Rep. Mia Love's campaign admits to improperly raising primary election funds
Rep. Mia Love's campaign has informed the Federal Election Commission that it will refund or redesignate less than half of what the government says was more than a million dollars improperly raised for a primary that was never expected to happen, according to documents reviewed by CNN. The commission sent Love a letter in August saying the Utah Republican's campaign had violated federal guidelines about money for primaries. In Utah, candidates are not allowed to raise such funds if they have no primary, according to the FEC and experts specializing in election law. On Friday, Love's campaign responded to regulators, telling the FEC they would refund or redesignate some, but not all, of that money.
In April, Love secured the nomination to seek a third term for her seat in Utah's 4th congressional district at Utah's nominating convention. In Utah, if a candidate receives such a nomination at a convention, like Love did, then no primary is held. At no point prior to April's convention did Love face a primary challenger or the threat of one. But Love raised $1,153,624 and designated that money for a primary, according to the letter from the FEC to Love. Even after Love secured the nomination at the convention, she raised an additional $372,468 specifically designated for the primary that her campaign knew would not take place.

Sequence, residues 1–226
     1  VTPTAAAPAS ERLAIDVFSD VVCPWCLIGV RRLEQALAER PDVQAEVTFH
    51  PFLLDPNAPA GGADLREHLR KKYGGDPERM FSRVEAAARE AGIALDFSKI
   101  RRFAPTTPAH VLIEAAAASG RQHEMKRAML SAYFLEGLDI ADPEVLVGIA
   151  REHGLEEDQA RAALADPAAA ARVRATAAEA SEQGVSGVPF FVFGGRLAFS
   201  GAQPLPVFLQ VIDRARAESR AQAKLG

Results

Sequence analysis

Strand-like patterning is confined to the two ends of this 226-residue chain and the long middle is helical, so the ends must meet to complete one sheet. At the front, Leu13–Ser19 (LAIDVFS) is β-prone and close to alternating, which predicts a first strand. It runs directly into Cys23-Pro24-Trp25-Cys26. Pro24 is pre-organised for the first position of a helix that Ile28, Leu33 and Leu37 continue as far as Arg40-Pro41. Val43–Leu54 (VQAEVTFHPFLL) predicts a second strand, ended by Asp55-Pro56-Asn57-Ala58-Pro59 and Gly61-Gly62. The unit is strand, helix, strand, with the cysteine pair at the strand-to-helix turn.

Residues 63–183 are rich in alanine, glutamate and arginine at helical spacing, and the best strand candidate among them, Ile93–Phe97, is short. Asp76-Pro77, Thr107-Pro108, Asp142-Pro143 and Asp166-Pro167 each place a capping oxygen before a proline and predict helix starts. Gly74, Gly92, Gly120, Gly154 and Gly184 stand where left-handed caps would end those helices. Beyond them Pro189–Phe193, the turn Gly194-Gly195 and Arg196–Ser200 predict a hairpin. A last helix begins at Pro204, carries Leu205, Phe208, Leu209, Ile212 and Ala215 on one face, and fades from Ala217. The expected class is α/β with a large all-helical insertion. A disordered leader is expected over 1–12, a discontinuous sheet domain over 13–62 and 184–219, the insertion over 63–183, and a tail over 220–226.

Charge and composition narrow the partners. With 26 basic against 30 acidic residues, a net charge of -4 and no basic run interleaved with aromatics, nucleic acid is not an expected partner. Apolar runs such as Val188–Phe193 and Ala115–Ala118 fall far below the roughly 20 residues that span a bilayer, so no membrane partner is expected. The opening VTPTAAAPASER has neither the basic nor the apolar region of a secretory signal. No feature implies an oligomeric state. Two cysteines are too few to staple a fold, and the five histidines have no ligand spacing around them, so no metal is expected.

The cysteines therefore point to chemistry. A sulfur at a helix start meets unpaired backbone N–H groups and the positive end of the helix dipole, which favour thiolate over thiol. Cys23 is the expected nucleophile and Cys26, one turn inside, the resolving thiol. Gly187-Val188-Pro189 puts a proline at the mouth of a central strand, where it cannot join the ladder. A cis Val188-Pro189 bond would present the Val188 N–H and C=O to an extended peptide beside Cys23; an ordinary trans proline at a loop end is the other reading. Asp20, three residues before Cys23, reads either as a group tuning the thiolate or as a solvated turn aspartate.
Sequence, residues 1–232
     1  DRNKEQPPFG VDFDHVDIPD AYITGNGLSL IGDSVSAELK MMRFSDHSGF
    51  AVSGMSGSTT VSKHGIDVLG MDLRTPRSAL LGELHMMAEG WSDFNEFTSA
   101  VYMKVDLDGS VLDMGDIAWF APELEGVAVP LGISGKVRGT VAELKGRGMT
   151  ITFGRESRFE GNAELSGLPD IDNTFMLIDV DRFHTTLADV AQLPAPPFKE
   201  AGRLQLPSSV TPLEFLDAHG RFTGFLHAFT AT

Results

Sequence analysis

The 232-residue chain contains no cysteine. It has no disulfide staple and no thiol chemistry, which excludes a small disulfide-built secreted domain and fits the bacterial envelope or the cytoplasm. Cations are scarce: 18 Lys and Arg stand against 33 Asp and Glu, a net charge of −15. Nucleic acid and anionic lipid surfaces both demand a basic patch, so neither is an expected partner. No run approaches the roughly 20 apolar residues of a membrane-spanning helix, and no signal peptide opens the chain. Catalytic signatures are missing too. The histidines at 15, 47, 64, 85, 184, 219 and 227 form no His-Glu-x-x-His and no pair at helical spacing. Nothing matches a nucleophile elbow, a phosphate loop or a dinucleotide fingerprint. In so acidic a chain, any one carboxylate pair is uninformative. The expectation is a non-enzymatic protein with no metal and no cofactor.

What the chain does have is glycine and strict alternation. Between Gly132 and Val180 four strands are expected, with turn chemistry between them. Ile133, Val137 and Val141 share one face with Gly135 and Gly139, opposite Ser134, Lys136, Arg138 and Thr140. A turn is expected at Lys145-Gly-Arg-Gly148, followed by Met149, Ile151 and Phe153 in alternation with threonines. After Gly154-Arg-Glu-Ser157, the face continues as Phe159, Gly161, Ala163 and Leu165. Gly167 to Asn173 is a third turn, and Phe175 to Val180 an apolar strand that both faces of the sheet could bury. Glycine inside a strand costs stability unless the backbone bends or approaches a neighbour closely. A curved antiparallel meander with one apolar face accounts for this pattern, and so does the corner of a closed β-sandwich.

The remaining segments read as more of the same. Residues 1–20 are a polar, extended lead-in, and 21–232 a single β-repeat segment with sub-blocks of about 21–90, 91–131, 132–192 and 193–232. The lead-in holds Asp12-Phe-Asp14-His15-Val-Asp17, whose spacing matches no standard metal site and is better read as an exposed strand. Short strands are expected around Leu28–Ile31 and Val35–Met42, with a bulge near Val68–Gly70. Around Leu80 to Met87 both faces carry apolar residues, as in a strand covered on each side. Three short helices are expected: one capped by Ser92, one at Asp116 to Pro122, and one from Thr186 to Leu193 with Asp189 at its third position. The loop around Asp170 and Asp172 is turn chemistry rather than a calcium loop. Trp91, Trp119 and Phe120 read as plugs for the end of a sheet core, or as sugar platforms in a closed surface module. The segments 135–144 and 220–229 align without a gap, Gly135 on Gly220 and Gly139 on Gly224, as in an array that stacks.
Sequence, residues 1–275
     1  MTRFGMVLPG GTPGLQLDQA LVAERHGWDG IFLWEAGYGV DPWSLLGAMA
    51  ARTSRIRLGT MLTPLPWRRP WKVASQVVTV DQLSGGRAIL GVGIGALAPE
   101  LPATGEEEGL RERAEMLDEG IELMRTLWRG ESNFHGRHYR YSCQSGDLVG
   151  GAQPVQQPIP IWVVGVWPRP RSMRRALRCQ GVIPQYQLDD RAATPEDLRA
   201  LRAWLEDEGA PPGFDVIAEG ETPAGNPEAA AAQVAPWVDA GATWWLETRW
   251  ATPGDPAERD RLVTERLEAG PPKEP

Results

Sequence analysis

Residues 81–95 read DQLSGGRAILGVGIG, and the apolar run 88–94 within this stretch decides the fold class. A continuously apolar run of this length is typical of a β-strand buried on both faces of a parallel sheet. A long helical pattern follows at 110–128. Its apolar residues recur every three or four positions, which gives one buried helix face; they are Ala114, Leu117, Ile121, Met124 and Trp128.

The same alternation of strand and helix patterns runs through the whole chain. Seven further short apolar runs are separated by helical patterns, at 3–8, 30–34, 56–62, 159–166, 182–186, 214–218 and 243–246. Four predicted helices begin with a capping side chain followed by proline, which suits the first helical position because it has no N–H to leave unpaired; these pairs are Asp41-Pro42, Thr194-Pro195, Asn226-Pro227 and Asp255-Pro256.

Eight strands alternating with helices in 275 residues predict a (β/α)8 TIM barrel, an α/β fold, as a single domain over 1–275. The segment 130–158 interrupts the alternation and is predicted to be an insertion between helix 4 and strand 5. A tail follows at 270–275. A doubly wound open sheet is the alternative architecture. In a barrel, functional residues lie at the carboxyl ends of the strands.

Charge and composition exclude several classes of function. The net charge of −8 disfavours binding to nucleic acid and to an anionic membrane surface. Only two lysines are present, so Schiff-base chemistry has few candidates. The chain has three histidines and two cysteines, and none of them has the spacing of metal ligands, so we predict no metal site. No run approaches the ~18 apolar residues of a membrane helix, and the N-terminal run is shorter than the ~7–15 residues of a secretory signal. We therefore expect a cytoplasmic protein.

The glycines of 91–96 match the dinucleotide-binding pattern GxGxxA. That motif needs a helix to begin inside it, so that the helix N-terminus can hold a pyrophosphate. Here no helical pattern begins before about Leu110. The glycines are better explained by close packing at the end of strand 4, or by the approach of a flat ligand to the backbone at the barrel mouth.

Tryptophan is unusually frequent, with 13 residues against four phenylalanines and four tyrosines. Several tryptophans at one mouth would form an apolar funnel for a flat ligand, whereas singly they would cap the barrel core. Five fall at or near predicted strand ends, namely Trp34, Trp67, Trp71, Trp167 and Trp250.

"It seems clear that any contribution designated for the primary election received after the convention would have to be refunded or redesignated," said Brendan Fischer, the director of federal reform at the Campaign Legal Center, an organization that supports campaign finance reform. "I think there is an argument that, Mia Love knew earlier than the convention that it would be an uncontested primary, but their letter suggests there may have been some ambiguity. So they might be able to get away with it but it's certainly problematic because of this sort of quirk in Utah law that allows a candidate to raise money above and beyond the federal limits that would apply in elections in almost any other state."
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